The “belly deep” call of the male bull frog is a definite sign that the hunting trip has not in vain.  The Jug‑o‑rum call of the male frog betrays his presence.  The archer draws and releases the arrow in one fluid motion.  The arrow rockets out of the bow.  The attached line resembles a plume of smoke. 

Buried deep in the mud, the arrow, when retrieved contains no sign of the frog.  From the shoreline a few yards away, another frog calls out as if to say, “You missed him didn’t you?” 

Bull frogs do not gather in groups, but rather scatter around a body of water in individual patches of turf.  They are aggressive defenders of territory.  Their call, mainly for purpose of mating and laying eggs, are achieved by use of a throat pouch that works as a resonating chamber. 

Archers are fond of bowfishing for bull frogs on hot summer evenings.  The reward is fun in the water on hot days and a fine meal of frog legs to be had at the end of a hard days work.  Besides it is fun to mess in the mud a little. 

Standard bowfishing gear composed of bow, arrow, line, reel, waders, and old clothes will get one started in this sport.  The line, arrow and reel can be purchased as a package at any sporting goods store.  Instructions on how to use them are contained in the package. 

Being a cold blooded animal, the frog is usually not at his most wary early in the morning and late in the evening.  These are the cooler hours of the day, more comfortable to the archer, but less so to the frog. 

Since frogs live in the swampy portions of a wetlands area, it is usually necessary for the archer to wade in to get within range.  Normally waders are used, but during real hot days, some people just use old clothes and sneakers.  Old clothes are used as swamp water does not wash out of fabrics very well.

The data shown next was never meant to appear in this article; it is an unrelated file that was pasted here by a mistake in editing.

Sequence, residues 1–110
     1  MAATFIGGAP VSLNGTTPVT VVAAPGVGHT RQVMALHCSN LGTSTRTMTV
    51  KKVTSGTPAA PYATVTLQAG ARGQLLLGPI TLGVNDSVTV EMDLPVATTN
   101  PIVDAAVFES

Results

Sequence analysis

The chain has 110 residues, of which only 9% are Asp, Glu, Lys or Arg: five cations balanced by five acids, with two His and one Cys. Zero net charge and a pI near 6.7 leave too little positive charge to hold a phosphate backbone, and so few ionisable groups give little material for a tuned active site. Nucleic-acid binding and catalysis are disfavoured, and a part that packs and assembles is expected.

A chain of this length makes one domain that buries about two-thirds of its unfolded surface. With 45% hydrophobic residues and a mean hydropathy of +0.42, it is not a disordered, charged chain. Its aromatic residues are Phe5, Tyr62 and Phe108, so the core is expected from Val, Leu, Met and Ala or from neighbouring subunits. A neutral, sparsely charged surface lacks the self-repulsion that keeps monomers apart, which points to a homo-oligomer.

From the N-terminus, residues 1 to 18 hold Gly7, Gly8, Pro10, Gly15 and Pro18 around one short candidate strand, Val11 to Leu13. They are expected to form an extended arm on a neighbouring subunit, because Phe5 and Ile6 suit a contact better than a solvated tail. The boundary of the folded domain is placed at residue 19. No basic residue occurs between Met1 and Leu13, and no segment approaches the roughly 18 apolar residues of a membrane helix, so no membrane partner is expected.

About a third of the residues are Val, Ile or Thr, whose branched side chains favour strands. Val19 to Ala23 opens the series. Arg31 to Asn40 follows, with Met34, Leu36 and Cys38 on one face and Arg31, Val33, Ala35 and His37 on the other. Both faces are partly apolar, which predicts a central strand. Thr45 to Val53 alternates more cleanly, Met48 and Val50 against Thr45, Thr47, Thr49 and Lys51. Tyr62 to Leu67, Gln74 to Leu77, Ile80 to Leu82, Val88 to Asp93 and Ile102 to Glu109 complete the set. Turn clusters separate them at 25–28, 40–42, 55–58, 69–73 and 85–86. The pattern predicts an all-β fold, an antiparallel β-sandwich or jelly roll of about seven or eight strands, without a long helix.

Some archers find that a given frog hunting area has played out.  They give up and never go back to that area.  That is a mistake.  Frogs travel.  An area without frogs one time will be teaming with them on another try. 

The larger frogs tend to like the most inaccessible areas.  They migrate to those areas where they can find food and not be disturbed.  The two basic needs of the bull frog are food and water.

Frogs eat almost anything that will fit in their mouth.  Such things as:  baby birds, small snakes, hickory nuts, fish and other small frogs, have been found in the stomach of a bull frog. 

Frogs are not very approachable from land.  For some reason they tend to attribute danger to anything coming at them from land.  The best way to approach them is from the water, either wadding or in a boat.  The use of a canoe or one of the two‑man bass boats is very effective.  Jon boats work in some areas but not in really shallow water. 

Laws and bag limits vary from one area to another.  It is a good idea to check local restrictions before taking to the swamp to go bowfroging.  In most areas, a fishing license is required.  Bowfroging is great fun and a good way to send the day or evening.  It also is a good warm up to the bow seasons of the fall.  Youngsters, or a spouse, will often enjoy an introduction to the sport of bowhunting through bowfroging.



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